I am not suggesting that the Bill is not better than nothing, but I am suggesting that it is being used to suggest that there will be a lot more people sent to prison as a result, and the reality of the policy is that there will not be any more people sent to prison, but that those who are sent to prison will be sent for longer periods. That is what it says here. That will be very welcome and the increase in the maximum penalties will be part of the deterrent process, but how many more people will be sent to prison? We know that they say the cost will be £500,000 per annum. As it costs about £45,000 a year to keep somebody in prison, we are talking about between 10 and 12 persons in prison per annum as a result of the Bill.
I thank my hon. Friend for indulging me a second time. To use the technical legal term, I believe the best way to see whether that would actually happen is to “suck it and see”. I have some sympathy for what he says about a legislative impact assessment. If he wants to bring forward a private Member’s Bill on that, I would be inclined to speak to it.
I will just conclude by saying that there is another element to this: the Sentencing Council guidelines for dealing with animal welfare offences. They say that a period of imprisonment should be merited only in the most serious offences. My concern about the Sentencing Council guidelines—perhaps the Minister could address this, too—is that they constrain the ability of magistrates in particular to impose the penalty that they think is appropriate, having regard to all the circumstances. If this House decides, as it wants to do today, to impose a maximum sentence of five years, is it reasonable for the unaccounted people who deal with the sentencing guidelines to bring in guidelines that suggest that there should not be many penalties of five years imposed by the Crown courts? So we have a real problem: the legislature has ceded control, or a significant part of control, over sentencing to the Sentencing Council.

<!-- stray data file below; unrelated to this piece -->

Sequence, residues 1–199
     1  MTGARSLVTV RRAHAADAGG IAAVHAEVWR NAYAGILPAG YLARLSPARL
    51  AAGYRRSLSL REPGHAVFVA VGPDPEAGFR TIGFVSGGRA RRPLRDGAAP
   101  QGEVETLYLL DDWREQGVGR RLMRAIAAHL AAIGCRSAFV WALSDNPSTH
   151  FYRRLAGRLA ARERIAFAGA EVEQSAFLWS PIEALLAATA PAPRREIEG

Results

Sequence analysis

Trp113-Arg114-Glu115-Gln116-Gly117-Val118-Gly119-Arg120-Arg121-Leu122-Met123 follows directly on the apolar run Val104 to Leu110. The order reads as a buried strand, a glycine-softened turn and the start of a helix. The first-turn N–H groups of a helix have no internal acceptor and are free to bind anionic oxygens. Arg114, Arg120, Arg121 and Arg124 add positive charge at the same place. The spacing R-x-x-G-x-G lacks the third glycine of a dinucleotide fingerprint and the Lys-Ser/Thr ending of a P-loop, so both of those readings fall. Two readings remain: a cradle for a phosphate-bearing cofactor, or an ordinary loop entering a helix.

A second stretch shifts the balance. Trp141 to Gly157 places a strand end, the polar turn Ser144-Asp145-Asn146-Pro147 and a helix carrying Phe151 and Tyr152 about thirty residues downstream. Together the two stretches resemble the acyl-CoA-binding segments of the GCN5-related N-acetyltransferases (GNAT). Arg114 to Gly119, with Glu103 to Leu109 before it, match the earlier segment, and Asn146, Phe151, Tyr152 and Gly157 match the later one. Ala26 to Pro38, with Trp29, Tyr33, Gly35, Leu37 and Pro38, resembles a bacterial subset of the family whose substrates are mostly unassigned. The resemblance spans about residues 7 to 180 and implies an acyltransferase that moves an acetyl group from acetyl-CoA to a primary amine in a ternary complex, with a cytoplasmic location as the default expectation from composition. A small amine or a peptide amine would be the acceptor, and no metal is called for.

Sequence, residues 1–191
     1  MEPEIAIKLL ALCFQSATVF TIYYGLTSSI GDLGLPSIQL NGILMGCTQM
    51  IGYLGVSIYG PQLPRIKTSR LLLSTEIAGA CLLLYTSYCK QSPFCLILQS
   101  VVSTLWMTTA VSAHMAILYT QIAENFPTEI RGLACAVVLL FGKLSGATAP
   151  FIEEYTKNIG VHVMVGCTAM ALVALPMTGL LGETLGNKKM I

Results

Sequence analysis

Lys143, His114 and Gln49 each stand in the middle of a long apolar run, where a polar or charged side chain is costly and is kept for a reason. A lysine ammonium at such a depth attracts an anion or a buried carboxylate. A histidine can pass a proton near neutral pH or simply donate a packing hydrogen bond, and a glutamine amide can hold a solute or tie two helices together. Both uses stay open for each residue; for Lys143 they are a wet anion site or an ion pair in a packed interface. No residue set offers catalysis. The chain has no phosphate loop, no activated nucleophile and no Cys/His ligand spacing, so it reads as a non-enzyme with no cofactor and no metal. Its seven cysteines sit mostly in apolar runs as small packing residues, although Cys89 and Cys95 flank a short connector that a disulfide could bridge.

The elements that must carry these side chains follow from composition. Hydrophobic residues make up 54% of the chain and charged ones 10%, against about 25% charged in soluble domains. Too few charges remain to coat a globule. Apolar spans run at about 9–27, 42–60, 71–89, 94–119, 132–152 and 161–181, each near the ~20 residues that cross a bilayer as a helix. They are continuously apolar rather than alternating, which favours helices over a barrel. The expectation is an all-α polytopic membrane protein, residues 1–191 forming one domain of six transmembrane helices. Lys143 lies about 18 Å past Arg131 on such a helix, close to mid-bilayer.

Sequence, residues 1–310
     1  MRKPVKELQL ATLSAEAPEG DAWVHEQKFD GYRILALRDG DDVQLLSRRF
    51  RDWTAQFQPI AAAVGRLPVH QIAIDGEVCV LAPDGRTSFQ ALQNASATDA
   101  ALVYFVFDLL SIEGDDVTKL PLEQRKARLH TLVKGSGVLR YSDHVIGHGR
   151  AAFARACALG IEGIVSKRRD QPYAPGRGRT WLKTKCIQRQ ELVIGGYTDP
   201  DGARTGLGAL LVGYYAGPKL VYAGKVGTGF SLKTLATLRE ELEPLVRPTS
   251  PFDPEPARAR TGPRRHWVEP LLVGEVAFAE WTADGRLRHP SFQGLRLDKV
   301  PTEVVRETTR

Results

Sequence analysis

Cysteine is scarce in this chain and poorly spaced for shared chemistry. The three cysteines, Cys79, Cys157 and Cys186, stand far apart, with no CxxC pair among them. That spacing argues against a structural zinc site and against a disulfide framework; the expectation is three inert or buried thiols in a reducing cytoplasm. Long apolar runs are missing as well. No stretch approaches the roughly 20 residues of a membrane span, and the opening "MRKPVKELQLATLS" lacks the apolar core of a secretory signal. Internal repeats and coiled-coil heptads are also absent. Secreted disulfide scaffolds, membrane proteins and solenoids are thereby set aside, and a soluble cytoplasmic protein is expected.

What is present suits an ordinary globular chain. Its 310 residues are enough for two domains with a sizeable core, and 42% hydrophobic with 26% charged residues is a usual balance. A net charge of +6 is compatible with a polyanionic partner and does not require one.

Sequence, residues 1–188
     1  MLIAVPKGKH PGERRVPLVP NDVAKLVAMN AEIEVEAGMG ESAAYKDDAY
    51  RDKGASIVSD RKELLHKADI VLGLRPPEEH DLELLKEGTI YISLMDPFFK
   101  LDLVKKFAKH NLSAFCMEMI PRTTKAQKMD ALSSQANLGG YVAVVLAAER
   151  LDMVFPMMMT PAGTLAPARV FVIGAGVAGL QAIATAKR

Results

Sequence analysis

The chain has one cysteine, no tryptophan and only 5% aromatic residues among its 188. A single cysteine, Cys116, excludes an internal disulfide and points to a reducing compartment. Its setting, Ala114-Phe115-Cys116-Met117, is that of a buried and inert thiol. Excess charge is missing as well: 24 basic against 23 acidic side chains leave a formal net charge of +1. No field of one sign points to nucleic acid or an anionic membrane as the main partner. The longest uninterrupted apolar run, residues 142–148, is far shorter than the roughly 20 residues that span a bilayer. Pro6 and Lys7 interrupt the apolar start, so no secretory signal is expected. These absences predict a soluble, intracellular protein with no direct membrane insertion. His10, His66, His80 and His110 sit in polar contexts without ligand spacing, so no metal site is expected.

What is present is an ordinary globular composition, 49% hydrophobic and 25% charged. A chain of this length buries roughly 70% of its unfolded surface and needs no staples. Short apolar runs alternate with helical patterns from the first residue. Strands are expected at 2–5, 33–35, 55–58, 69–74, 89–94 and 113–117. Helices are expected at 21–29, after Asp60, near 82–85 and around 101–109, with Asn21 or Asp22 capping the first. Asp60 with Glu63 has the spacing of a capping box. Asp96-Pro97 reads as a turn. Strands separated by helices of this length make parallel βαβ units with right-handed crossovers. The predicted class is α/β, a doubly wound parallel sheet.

My very good and hon. Friend is making good points. Do the sentencing guidelines actually say, “If you cut off the tail of a dog, it’s this. If you kick an animal down the stairs, it’s that”? Are they the sort of sentencing guidelines that he is expecting?
I am not expecting them at all. I am criticising the fact that they are no longer just regarded as guidelines, but accepted by many magistrates and judges as tantamount to instructions. If my hon. Friend looks at the sentencing guidelines for animal welfare, which I commend to him, he will see that they are not that specific, but they do give some general parameters that place constraints on the discretion of magistrates. The current guidelines impose severe constraints on the magistrates’ ability to impose an immediate custodial sentence for any offence of breach of animal welfare. That is another issue that needs to be raised.
We need to work with public opinion on that and not allow the public to be disappointed. They should not think that we are offering a panacea for improving animal welfare and reducing animal cruelty. Let us hope that the Bill does deter some of the most heinous offences, but let us not think that it is the full answer to all the problems